Politics

Bridges proposes end to ‘bracket creep’

National leader Simon Bridges has announced his party will link income tax brackets to inflation if it wins power at the next election, a change he says would reduce the tax take by about $650 million a year.

Speaking to a crowd in Christchurch in a "State of the Nation" address, Bridges said the change would help Kiwis' incomes to keep pace with the rising cost of living under a Government he claimed was "imposing more red tape and taxes".

The policy would put an end to what is commonly known as "bracket creep", where inflation pushes incomes up into a higher tax bracket without a real increase in spending power.

In his speech, Bridges said a New Zealander on the average wage was expected to move into the country's top tax bracket by 2022 if nothing changed.

"That’s not fair, and it’s not right," he said.

If National won power at the next election, Bridges said it would amend the Income Tax Act so thresholds were adjusted every three years in line with the cost of living, with the Treasury to advise the Government on the appropriate changes within a year after each election.

Based on inflation of two percent, he estimated a worker on the average wage would save $430 a year in tax after the first change, $900 better off after the second adjustment, and $1400 after the third.

End to 'tax increases by stealth'

Speaking to media after his speech, Bridges said the policy was not a tax cut but instead about “stopping tax increases by stealth”.

“Treasury itself has made quite clear if you don’t do something like this, what happens is tax as a proportion of GDP of our economy just keeps growing and people just can’t keep up with all of the costs.”

The largest benefits of ending bracket creep would go to those earning between $50,000 and $75,000 a year, he said.

“They’re not rich, they’re people who are mechanics, who are teachers, who are nurses, who do all manner of things, and it’s wrong to think as they earn more but cost of living goes up higher, that they slip into the top tax rate.”

National would reveal its full tax package closer to the election, when it had a chance to “see where the economy is and what the lay of the land is”.

Bridges did not specify where he would make spending cuts to account for the $650 million in tax that would be foregone due to the policy change, but suggested there were a number of initiatives which could be scrapped.

“If you stop the waste, whether it’s $2.8 billion in fees-free [tertiary education], whether it’s Shane Jones’ slush [provincial growth] fund, there is money there.”

“This should be good, enduring policy...when you look at it and you look what’s happened, where the numbers of people in the top tax bracket have now doubled from 300-something thousand to 600,000 in there, every government should be seeking to do this.”

National finance spokeswoman Amy Adams said the tax legislation would include a government veto, allowing finance ministers to suspend bracket changes in exceptional circumstances such as deflation or a major economic crisis.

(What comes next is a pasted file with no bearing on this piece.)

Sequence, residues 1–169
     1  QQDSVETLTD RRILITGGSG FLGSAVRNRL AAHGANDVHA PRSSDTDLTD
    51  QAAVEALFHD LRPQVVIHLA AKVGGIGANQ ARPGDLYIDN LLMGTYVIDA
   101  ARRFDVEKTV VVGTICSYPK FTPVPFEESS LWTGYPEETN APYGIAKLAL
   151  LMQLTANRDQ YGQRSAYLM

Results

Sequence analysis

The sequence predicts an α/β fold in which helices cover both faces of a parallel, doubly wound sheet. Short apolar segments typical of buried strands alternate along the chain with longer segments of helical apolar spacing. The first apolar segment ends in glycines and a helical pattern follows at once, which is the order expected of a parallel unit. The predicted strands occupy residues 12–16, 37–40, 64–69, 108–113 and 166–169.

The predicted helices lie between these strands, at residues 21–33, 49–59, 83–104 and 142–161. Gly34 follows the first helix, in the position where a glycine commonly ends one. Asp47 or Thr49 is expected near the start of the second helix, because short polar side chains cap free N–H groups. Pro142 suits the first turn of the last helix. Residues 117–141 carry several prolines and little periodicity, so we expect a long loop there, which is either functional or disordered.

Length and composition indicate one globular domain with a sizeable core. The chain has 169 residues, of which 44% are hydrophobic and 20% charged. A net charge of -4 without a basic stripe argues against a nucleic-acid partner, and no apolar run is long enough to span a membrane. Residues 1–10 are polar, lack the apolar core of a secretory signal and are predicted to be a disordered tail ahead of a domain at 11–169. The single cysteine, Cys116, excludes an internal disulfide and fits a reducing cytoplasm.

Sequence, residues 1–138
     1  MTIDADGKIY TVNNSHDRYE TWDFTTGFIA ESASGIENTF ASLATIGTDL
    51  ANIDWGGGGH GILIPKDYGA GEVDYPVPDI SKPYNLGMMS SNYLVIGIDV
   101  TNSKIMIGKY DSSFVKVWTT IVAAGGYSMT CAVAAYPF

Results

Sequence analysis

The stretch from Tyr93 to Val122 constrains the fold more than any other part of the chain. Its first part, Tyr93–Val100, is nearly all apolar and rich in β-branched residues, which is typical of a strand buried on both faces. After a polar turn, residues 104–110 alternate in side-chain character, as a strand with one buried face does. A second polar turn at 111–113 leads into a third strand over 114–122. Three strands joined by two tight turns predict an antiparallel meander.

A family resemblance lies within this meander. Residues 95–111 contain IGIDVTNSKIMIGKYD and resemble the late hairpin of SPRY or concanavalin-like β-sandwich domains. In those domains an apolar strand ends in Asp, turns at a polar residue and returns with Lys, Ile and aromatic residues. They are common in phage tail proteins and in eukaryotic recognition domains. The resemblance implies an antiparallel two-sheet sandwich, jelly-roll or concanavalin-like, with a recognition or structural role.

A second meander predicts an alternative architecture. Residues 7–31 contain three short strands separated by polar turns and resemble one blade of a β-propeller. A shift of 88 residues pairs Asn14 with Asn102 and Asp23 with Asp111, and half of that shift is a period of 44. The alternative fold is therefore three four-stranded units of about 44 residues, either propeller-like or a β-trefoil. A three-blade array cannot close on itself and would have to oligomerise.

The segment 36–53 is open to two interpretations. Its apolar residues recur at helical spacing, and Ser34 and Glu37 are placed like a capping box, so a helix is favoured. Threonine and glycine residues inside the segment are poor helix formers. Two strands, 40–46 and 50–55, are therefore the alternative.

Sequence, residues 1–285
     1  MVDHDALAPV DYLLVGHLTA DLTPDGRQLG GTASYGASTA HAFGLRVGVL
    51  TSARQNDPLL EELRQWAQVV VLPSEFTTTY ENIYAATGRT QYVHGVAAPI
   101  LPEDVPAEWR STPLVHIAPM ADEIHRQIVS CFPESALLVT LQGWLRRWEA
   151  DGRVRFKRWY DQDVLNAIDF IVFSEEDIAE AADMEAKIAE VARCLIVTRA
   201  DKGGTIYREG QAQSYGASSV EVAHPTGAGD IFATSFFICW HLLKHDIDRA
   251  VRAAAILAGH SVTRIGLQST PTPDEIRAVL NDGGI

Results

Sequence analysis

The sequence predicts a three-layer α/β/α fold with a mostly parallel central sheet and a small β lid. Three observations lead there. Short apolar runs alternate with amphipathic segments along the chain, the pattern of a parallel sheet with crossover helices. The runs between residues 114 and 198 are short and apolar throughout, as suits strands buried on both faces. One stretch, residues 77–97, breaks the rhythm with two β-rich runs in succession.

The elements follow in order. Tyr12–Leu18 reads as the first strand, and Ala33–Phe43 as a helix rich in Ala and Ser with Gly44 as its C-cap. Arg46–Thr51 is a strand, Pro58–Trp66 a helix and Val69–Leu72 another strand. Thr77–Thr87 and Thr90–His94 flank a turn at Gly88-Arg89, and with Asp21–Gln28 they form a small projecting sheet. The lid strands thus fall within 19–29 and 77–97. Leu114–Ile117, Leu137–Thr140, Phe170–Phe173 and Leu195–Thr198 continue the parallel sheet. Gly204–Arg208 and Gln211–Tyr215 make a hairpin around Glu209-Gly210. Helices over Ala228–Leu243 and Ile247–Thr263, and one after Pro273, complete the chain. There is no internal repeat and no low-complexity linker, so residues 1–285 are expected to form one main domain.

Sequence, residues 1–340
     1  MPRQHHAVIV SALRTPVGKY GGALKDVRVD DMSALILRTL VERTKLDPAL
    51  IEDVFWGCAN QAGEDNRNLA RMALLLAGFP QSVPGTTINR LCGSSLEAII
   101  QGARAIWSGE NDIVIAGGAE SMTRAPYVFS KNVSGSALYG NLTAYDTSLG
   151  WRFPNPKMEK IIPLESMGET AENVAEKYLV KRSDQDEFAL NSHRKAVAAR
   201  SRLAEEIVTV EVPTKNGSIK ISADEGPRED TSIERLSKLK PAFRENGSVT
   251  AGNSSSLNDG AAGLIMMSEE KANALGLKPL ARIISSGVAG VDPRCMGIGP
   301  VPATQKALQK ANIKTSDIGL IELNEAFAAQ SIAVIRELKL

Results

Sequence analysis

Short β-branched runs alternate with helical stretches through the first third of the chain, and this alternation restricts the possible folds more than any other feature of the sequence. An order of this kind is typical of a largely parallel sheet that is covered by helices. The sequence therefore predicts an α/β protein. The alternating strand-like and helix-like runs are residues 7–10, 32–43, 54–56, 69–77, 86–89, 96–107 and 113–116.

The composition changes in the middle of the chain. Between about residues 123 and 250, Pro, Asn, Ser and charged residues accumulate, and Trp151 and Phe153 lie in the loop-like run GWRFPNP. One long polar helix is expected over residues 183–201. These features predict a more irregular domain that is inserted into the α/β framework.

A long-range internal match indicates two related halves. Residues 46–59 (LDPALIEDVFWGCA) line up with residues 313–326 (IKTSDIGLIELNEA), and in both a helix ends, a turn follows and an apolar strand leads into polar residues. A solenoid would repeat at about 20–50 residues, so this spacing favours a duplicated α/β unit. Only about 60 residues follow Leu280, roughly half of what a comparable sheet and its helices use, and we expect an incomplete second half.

The bracket adjustment would be based on figures from the previous three years, but would not be applied retrospectively to people's taxes.

Asked why the previous National government had not moved to stop bracket creep despite calls to do so, Bridges cited the fiscal conditions at the time due to the global financial crisis and the Canterbury earthquakes.

While the Tax Working Group’s interim report raised concerns about the compliance costs for individuals and businesses of annual changes to tax rates and thresholds, Bridges believed any costs would be “very minimal”.

Bridges said he was not worried about the Government adopting National’s policy as part of its own tax reforms, saying he would welcome it opting to support his plans.

“This should be good, enduring policy...when you look at it and you look what’s happened, where the numbers of people in the top tax bracket have now doubled from 300-something thousand to 600,000 in there, every government should be seeking to do this.”

Govt: National's 'reckless, empty promise'

Finance Minister Grant Robertson appeared to pour cold water on the idea, saying National’s tax proposal would not be affordable given its other policy plans without “massive cuts to core areas like health, housing and education”.

Robertson also questioned the value of the tax change, saying it would be worth $8 a week to the average earner in 2021, and $1 a week to someone receiving $40,000 a year.

"For the cuts to services that would be needed to pay for it, this is small change.

“Simon Bridges needs to front up on how he is going to pay for his tax changes, otherwise it is just a reckless, empty promise,” he said.

ACT leader David Seymour, who repeatedly pushed National to end bracket creep during its last term of government, told Newsroom he was happy with the news of Bridges’ plans.

“I think success in politics is having your ideas gradually accepted, and I’m very pleased to see after years of recalcitrance the National Party now accepts that indexing tax brackets to inflation is the fair thing to do.”

However, he did not accept Bridges’ reasoning for not making the change while National was in government, saying it could have cut back on the billions it had spent on corporate welfare as “Shane Jones before we had Shane Jones” and the Labour policies it had previously criticised.

“The answer of a real free market leader is not, ‘Oh we taxed people more because we needed the money’, the answer is what is the principle here, and the principle is that people shouldn’t be stealthily pushed into higher tax brackets because that’s dishonest.”

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